There’s an interesting case raging at the moment (‘raging’ might perhaps be an exaggeration!) as to what constitutes ‘information’ under the Freedom of Information Act in the UK.

IPSA (the Independent Parliamentary Standards Authority) is in charge of checking MPs’ expenses and determining if they are justified in respect of MPs fulfilment of their Parliamentary duties. You will remember that some years ago a few MPs were found to be putting forward expenses that would nowadays be difficult to justify, such as the cost of cleaning a moat.

As a result of those scandals all MPs’ expenses are now published for the general public to review. They are made available through a website but, crucially for this case, without images of the original invoices and receipts that MPs present to IPSA, so the public can’t see the additional text, or logos, that might also be found there. Expenses are published in summary form, presumably containing the ‘information’ that IPSA believe is relevant for justification.

IPSA’s Publication Website

Some years ago, a journalist from the Daily Telegraph asked to see copies of original receipts and invoices and IPSA turned him down. The Daily Telegraph then appealed to the Information Commissioner, who ruled that IPSA should provide the copies he asked for. IPSA, in turn, appealed against the Commissioner’s ruling twice and the case reached the Court of Appeal a month or two ago.

Now, finally, the Court of Appeal has ruled in the Information Commissioner’s favour. Their view (detailed here) seems to be that ‘information’ means more than just a summary published electronically. It also means logo, layout, additional text, or handwritten notes on any invoice or receipt provided to IPSA by MPs, the kind of information that could only be obtained from examining a copy.

They make use of a general distinction between ‘information’ and the ‘record’ that contains it. The sheet of paper on which a receipt is printed, is ‘record’, the printing on the paper is ‘information’, but they also acknowledge that the distinction is not an easy one to make. The physical properties of the paper are properties of the ‘record’ but logos, layout and additional text, whether printed or handwritten, are ‘information’, especially if they influence IPSA’s judgement as to the genuineness of a document and therefore whether it is a justifiable expense. IPSA are obliged by law to publish information but not the record itself. Thus original documents need not be made available, but electronic copies must be.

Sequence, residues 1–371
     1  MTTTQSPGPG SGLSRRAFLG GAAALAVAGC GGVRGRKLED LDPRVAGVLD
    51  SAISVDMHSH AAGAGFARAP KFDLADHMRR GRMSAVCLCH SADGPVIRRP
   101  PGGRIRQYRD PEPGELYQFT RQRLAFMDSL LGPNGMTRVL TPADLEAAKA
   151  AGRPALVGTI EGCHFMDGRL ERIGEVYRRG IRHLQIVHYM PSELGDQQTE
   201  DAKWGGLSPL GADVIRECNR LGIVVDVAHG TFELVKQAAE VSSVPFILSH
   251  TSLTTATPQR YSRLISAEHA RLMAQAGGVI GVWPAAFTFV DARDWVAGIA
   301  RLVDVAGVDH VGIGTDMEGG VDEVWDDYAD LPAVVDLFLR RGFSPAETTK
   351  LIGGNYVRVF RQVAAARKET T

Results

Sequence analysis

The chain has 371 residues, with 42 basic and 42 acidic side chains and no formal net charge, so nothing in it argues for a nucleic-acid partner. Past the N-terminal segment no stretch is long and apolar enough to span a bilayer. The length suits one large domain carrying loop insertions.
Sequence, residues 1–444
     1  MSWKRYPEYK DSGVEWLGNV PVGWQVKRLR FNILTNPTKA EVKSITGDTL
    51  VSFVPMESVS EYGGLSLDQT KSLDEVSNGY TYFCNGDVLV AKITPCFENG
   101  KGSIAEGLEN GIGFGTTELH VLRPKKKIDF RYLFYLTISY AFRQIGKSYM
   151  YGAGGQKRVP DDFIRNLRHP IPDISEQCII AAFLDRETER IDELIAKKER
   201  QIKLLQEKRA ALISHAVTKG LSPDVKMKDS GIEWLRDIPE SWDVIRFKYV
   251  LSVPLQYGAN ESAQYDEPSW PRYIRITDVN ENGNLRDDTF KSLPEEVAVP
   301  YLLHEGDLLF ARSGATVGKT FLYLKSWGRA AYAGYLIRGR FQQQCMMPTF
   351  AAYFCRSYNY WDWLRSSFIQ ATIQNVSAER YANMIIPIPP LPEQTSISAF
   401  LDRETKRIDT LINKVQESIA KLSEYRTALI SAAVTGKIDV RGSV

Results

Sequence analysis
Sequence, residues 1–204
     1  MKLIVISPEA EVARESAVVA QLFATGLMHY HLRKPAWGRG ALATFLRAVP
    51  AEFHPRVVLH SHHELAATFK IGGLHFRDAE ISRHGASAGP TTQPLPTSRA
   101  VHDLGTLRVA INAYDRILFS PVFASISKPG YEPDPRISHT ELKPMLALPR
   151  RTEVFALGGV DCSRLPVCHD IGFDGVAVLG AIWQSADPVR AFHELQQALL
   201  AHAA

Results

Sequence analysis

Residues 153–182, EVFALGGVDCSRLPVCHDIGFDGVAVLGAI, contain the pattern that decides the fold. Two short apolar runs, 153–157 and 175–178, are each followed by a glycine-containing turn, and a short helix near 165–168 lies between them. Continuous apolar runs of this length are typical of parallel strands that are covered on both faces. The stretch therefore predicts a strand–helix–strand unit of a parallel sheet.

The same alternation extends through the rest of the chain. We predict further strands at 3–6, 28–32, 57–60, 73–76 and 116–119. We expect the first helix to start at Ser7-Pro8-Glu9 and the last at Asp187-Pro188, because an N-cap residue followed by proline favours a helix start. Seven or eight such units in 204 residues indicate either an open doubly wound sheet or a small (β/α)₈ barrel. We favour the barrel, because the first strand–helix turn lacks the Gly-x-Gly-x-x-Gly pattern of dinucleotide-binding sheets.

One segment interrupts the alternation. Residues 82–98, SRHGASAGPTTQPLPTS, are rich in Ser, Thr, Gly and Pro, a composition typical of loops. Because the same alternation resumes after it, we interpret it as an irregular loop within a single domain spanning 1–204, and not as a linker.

This may seem like a scholastic and academic debate, but the implications of this ruling on information publication in general are huge. Philosophers (of a certain kind) would probably reject this exercise of meticulous definition as bound to fail, and would challenge the separation of ‘record’ and ‘information’. They would point to the struggle to place a property in one or the other category as symptomatic of its ultimate uselessness. True, in the digital world, where ‘information’ is carried by 1s and 0s it’s easy to see the separation, but in most contexts it’s not. Try defining any concept precisely in another form of words. Try ‘chair’.

It would make better sense to frame the law in terms of purpose, but I am no lawyer so there may be insuperable difficulties in doing so. Better to say that the Freedom of Information Act requires that everything should be disclosed that can reasonably be held to bear on the decisions or judgements made, which will differ by context and the purpose of the Government body. This way there need be no debate about the meaning of information. Even matters which their Lordships regard as related to ‘record’ rather than ‘information’, such as the weight of paper, might be relevant in judging the authenticity of a large invoice.

As all parties have discovered, it’s difficult to come up with the precise definition of a word without reference to context and purpose. ‘Information’ is a matter of what you do with it.

See the Guardian’s reporting of the case here.

An App for the Altruist

How much time do you spend on your phone doing something for other people? Not much, I suppose. I don’t.

Apps for News, Gaming, Emails, Dating, Shopping, Travel, these don’t benefit mankind directly.


But, actually, there are some altruistic Apps out there. A friend of mind came across a wonderful one the other day called Be My Eyes. It’s an app that connects blind people with volunteer helpers from around the world via live video chat.

Be My Eyes

Try it. Volunteers currently outnumber blind users, but you might still get the call.